Hidden danger: Preventing commercial truck fires

Although fires only represent a small fraction of trucking accidents, they can be deadly and costly.

In the fire investigation industry, the cause of a truck fire often relates to preventative maintenance or lack thereof. In fact, the most common causes for truck fires that I have investigated can be broken down into two categories:

  • Wheel, brake or tire failures
  • Hose or wiring insulation failure

In both categories, many of these failures are preventable with proper preventative maintenance. Rigid preventative maintenance inspections that ensure proper lubrication in the wheel bearings and identify any leaks can reduce the risk of a frozen or locked bearing. The National Transportation Safety Board states that “daily inspection of hub oil levels and wheel seals is vital to prevent wheel bearing failure and that bypassing this requirement is a dangerous practice that can lead to a wheel fire or other serious consequences.” Tires in poor condition or severely underinflated also pose a fire risk as does a faulty brake system. Dragging brakes, for example, can produce significant heat and may not be readily identifiable to the operator, who continues to drive the truck unaware of a problem with the brakes. A carefully inspected brake system can significantly reduce the risk of fire incidents.

Likewise, taking the time to check fluid hoses or wiring insulation for cracking and general degradation is an important procedure. However, emphasis should be placed on identifying areas where hoses or electrical cables are in direct contact with another object. Hidden damage at the point of contact, caused by vibration and abrasion, may be identifiable on a hose or cable that otherwise looks to be in excellent condition. Figure 1 depicts an electrical failure of the positive battery. In this matter, the positive battery cable was routed adjacent to a battery ground cable. The point where the battery cables intersected resulted in long-term abrasion of the insulation. Once the insulation for both cables was compromised, the electrical fault occurred and caused this fire.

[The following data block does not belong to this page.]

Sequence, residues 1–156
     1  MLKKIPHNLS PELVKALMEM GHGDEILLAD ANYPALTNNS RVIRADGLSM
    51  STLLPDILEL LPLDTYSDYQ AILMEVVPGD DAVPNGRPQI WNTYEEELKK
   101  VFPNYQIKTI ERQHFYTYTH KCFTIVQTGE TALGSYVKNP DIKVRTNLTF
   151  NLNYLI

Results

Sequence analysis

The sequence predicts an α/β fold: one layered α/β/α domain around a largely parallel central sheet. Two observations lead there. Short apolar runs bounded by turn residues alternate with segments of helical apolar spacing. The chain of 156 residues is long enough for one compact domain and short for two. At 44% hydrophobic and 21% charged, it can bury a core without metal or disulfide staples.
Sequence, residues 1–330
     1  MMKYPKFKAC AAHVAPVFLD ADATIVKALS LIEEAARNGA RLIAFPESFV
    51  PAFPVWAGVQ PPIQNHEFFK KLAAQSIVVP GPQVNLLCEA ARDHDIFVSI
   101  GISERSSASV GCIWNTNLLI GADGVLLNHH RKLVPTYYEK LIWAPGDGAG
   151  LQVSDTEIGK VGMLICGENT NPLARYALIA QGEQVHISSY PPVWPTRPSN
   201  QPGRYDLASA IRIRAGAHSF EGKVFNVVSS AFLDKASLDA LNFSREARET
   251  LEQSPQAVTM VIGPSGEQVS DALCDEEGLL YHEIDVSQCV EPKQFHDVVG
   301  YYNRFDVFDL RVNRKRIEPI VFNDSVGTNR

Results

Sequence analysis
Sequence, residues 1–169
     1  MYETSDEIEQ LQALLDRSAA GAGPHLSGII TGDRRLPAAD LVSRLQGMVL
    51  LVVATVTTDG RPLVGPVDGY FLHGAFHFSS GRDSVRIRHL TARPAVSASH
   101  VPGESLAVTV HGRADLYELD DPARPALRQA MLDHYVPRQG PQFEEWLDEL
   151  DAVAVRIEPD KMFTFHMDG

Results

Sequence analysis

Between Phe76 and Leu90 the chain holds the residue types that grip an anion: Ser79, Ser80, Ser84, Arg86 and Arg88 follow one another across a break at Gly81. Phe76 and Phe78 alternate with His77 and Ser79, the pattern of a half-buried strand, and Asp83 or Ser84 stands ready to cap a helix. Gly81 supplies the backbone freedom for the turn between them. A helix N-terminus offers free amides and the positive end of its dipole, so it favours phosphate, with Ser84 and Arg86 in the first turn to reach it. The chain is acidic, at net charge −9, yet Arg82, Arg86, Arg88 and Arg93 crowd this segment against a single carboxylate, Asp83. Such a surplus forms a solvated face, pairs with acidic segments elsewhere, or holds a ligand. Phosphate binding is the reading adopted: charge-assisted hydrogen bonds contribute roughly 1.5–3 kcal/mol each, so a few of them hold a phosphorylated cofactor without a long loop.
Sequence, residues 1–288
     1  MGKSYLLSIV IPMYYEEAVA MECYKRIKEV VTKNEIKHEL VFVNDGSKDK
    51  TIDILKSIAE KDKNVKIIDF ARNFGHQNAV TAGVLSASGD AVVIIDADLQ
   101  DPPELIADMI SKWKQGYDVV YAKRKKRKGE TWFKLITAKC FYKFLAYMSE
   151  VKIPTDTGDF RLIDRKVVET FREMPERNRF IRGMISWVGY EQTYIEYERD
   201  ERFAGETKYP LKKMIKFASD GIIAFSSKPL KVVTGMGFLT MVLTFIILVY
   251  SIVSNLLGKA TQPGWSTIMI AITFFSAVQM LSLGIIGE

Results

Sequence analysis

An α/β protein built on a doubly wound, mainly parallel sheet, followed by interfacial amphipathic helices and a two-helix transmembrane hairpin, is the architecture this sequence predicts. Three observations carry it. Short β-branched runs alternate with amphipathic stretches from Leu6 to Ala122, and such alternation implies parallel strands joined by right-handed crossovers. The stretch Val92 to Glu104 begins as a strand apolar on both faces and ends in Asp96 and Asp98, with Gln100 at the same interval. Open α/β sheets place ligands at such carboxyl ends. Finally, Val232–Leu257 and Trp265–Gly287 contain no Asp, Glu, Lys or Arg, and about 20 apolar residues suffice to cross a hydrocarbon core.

Figure 1: An electrical failure of the positive battery. In inspection, identify areas where hoses or electrical cables are in direct contact with another object.

The trucking company in this case asked me to inspect other trucks at their facility. In nearly every case, the visible inspection of the cable insulation would have passed a routine preventative maintenance inspection, as the visible insulation was in good condition. However, closer inspection at the contact point between the positive cable and ground cable identified several instances of severely damaged insulation.

In addition to a closer inspection of potential contact points, the mechanic should also pay particular attention to hoses, wiring insulation, harnesses and wiring looms located in close proximity to hot surfaces, such as at or near the turbocharger or downstream as the exhaust piping exits the engine compartment. It is important to not only inspect these items, but also any heat shields installed by the manufacturer to protect combustible materials from these hot surfaces. Were heat shields properly re-installed after a recent service, damaged or not re-installed at all?

Although fires only represent a small fraction of trucking accidents, they can be deadly and costly. To avoid this situation, a thorough preventative maintenance program that addresses these primary fire hazards may further reduce your risk of a catastrophic fire loss. Are you protecting your fleet from these potential hidden dangers? If you have additional questions please feel free to leave your comments or contact us for more information.

Michael Hoffman, IAAI-CFI, District Manager
Unified Investigations & Sciences | a Sedgwick company

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